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How to Play 9 Ball Pool: A Quick Guide

Here, we’ll cover how to play 9 ball pool, with a quick and dirty overview of racking, rules for the game, breaking, and standard fouls.

9 ball is a very popular type of pool game. It’s played by professionals on television and in pool tournaments all over the world.

Yet when it comes to most bar and rec-room pool games, 9 ball might still take a back seat to standard 8 ball pool. But nine-ball is actually the perfect bar game

It’s fast-paced, so games can move quickly. It requires a unique combination of skill and strategy, and it’s often the game players prefer as they get better at pool.

The object of this game is simple: sink the 9-ball to win the game. Of course, there’s a little more to it. Let’s start with the rack.

How to Rack a Game of 9 Ball Pool

Only balls 1 through 9 are used. The balls are racked in a diamond shape using a traditional 9 ball diamond rack. The 1-ball must be placed be at the top of the diamond (apex). The 9-ball will go in the center of the rack.

The rest of the balls can be placed anywhere in diamond in a random order. Don’t place the balls in order.

If you don’t have a diamond rack, just use a standard triangle rack and shape the diamond with your hands. Make sure you push firmly from the bottom of the diamond shape up to the top of the rack.

The rack should be as tight as possible. Read this post if you need a review of how to properly rack a game of pool.

The top of the diamond and 1 ball should line up on the foot spot of the table. This the center spot in the racking end of the table.

Basic 9 Ball Rules

The object of 9 ball pool is to sink the balls in ascending order, 1 – 9. The player who legally makes the 9 ball in the called pocket wins.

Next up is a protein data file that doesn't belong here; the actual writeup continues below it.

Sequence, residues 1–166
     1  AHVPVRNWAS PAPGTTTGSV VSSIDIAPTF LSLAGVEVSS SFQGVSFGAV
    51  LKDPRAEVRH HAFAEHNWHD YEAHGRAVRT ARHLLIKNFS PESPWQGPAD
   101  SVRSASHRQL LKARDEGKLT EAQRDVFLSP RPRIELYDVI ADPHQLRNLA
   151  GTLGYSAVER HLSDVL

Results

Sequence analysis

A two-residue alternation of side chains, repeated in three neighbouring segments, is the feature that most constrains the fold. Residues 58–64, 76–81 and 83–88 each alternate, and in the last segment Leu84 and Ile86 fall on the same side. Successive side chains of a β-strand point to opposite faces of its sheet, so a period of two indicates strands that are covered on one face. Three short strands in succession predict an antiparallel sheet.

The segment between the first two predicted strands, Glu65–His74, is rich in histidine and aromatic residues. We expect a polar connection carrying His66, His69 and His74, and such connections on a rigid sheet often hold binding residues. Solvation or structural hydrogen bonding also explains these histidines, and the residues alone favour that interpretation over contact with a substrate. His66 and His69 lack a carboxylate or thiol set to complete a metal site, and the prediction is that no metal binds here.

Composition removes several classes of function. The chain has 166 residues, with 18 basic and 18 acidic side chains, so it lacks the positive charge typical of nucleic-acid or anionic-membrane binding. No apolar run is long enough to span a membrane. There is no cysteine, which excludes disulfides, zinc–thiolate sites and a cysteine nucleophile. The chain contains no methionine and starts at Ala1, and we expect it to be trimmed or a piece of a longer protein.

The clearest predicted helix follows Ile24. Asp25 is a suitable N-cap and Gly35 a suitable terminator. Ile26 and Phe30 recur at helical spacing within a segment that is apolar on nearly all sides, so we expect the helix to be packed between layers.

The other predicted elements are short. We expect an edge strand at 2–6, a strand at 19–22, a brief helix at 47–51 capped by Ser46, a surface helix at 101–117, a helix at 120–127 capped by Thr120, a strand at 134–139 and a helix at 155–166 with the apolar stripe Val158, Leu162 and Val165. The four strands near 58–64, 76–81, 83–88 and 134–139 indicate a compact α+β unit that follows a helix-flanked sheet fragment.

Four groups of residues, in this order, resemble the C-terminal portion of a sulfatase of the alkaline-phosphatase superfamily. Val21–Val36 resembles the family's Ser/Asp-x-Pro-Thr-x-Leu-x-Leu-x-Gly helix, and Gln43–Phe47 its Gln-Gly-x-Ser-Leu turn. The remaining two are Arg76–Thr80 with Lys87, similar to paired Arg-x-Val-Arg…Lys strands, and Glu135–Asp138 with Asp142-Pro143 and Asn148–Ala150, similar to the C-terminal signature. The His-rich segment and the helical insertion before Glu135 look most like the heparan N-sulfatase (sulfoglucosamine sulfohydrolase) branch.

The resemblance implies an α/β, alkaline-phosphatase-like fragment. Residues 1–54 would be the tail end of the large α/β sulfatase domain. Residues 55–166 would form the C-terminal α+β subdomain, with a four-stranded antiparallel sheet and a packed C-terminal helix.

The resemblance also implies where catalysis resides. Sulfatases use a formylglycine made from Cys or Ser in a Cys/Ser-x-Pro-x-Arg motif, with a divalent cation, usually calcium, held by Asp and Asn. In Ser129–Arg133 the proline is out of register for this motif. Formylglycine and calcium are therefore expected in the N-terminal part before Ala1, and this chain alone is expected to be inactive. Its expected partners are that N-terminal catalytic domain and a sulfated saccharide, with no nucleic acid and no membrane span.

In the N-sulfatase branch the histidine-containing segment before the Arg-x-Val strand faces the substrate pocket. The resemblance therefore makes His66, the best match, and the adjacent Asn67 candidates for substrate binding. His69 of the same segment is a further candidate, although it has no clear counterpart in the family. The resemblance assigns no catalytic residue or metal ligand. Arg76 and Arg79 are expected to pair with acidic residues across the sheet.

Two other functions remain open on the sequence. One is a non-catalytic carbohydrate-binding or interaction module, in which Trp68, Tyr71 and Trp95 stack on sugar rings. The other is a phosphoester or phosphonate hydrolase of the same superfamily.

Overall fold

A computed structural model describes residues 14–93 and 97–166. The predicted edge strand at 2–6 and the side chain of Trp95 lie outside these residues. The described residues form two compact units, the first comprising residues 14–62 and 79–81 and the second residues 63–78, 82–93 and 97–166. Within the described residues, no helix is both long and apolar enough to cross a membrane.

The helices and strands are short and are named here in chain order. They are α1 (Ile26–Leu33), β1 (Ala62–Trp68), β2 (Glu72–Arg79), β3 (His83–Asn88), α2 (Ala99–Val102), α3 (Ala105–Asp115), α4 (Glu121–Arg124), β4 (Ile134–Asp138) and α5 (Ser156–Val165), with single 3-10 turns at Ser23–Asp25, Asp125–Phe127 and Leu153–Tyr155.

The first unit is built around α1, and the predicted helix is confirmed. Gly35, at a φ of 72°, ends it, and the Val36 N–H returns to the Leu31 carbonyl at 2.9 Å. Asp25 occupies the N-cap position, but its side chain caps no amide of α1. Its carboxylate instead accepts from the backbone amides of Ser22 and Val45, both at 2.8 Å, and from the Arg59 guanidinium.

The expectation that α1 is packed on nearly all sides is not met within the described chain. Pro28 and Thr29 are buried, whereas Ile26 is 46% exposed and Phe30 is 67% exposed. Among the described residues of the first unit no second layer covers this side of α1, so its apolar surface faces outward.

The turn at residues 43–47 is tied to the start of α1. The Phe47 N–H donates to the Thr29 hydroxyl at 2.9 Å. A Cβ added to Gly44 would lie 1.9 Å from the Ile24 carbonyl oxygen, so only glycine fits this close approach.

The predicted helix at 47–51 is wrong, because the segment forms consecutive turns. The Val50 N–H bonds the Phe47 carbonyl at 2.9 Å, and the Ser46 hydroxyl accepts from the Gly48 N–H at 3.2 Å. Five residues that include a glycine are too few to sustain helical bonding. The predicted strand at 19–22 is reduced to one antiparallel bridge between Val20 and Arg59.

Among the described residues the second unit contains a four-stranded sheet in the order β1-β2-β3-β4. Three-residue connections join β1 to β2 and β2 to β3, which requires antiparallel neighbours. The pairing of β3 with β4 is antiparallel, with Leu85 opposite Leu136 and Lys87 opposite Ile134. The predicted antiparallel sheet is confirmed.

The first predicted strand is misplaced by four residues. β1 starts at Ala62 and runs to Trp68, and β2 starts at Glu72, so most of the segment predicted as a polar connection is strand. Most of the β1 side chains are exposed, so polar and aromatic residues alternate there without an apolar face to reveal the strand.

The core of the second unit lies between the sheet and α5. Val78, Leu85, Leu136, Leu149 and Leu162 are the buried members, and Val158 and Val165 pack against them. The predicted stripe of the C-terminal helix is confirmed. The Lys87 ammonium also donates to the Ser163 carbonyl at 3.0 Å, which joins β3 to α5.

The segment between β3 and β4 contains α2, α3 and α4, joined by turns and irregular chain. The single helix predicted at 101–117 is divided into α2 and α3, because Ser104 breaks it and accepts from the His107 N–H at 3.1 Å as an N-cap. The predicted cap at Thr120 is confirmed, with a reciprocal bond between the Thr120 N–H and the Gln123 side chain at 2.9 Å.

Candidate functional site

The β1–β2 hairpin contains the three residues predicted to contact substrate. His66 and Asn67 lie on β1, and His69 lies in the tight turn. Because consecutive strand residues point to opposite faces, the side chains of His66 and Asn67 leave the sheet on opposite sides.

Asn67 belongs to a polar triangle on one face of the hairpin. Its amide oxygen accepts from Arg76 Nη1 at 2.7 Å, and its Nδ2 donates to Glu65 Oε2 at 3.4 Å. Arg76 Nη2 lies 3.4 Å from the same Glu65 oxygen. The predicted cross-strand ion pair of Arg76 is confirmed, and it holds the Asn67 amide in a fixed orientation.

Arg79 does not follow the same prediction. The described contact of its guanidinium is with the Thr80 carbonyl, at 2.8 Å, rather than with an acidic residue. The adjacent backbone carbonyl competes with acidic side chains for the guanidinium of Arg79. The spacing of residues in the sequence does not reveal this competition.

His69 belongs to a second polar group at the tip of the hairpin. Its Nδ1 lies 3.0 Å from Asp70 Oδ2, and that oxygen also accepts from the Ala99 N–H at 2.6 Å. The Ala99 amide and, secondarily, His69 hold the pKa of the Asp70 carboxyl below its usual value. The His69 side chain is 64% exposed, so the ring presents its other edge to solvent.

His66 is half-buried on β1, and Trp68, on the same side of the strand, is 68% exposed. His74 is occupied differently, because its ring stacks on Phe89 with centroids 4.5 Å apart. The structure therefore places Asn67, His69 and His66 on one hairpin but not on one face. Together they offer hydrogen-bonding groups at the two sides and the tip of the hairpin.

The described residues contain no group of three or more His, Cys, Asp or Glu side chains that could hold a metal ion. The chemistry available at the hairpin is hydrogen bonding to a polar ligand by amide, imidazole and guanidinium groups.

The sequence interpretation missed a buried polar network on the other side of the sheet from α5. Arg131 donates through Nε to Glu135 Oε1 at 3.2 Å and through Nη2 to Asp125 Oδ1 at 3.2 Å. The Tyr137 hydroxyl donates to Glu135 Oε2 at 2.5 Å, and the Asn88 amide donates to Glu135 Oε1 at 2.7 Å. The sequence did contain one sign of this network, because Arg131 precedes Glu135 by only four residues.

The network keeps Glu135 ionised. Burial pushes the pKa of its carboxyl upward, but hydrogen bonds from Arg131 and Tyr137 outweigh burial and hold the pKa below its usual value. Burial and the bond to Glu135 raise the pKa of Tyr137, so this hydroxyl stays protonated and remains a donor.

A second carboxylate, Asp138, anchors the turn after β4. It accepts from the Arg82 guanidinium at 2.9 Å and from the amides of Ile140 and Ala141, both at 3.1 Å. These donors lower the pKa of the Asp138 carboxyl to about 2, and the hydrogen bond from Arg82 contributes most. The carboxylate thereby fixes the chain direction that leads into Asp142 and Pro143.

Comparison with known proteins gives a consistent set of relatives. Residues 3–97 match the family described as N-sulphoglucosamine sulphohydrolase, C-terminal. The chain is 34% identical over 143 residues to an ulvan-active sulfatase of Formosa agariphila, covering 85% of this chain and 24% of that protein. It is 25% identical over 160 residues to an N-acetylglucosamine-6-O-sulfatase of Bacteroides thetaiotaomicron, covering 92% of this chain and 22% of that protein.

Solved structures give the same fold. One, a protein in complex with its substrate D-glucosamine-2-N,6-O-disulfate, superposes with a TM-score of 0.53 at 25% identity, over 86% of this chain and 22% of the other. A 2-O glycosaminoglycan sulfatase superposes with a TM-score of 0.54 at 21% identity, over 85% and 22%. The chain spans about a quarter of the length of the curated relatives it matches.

However, combo shots allow for the win to occur before all balls are removed from the table. You can combo into higher number balls, including the 9 ball, if you contact the lowest number ball first.

For example, say you’re shooting for the 5 ball, but you see that you could “combo” the 5 into the 9 and pocket the 9. If you call that shot and sink the 9 ball without scratching, you would win the game.

You cannot shoot directly at the nine ball until it is the only ball remaining on the table. And you must always hit the lowest number object ball first.

Different rules may apply, as halls and leagues have their own rules. However, in 9 ball you will generally NOT need to call all shots, except for the 9 ball.

If you make your shot, without committing a foul, you keep shooting. If you miss, your opponent plays the cue ball from the position you left it. (Learn about cue ball control)


Breaking in 9 ball pool can be a distinct advantage. If the 9 ball is made on the break (without a scratch), the breaker wins!

The player breaks from behind the head string. That means behind the center spot at the breaking end, between the second diamonds along the side rail of a full sized table. (Learn more about pool table anatomy)

For the first match, you can flip a coin to decide who gets to break. But I prefer the “lagging” method.

Lagging means shooting the cue ball across the table hard enough to return and get the ball back to the bumper. The person who gets it closest wins. It’s a fun and popular way to determine who breaks in the first match.

For subsequent games, most people just play that the winner gets to break. 

Seasoned 9 ball players have different approaches to the break.